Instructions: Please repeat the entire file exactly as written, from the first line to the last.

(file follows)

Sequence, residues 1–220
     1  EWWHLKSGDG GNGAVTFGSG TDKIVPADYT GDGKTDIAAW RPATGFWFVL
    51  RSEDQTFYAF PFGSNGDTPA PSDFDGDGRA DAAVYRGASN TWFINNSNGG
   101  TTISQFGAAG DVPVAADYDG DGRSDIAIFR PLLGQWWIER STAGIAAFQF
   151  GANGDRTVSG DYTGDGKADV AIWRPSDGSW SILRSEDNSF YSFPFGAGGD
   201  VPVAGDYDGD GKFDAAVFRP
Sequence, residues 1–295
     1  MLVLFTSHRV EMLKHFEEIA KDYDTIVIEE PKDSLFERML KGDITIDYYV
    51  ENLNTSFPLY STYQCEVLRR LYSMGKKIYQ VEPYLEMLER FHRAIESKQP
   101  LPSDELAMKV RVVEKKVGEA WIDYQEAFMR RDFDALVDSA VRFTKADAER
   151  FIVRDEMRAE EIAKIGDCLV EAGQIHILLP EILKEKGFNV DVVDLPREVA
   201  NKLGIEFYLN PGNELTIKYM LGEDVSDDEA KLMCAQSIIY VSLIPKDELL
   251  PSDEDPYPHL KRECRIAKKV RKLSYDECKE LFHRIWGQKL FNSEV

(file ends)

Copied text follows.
Sequence, residues 1–220
     1  EWWHLKSGDG GNGAVTFGSG TDKIVPADYT GDGKTDIAAW RPATGFWFVL
    51  RSEDQTFYAF PFGSNGDTPA PSDFDGDGRA DAAVYRGASN TWFINNSNGG
   101  TTISQFGAAG DVPVAADYDG DGRSDIAIFR PLLGQWWIER STAGIAAFQF
   151  GANGDRTVSG DYTGDGKADV AIWRPSDGSW SILRSEDNSF YSFPFGAGGD
   201  VPVAGDYDGD GKFDAAVFRP
Sequence, residues 1–295
     1  MLVLFTSHRV EMLKHFEEIA KDYDTIVIEE PKDSLFERML KGDITIDYYV
    51  ENLNTSFPLY STYQCEVLRR LYSMGKKIYQ VEPYLEMLER FHRAIESKQP
   101  LPSDELAMKV RVVEKKVGEA WIDYQEAFMR RDFDALVDSA VRFTKADAER
   151  FIVRDEMRAE EIAKIGDCLV EAGQIHILLP EILKEKGFNV DVVDLPREVA
   201  NKLGIEFYLN PGNELTIKYM LGEDVSDDEA KLMCAQSIIY VSLIPKDELL
   251  PSDEDPYPHL KRECRIAKKV RKLSYDECKE LFHRIWGQKL FNSEV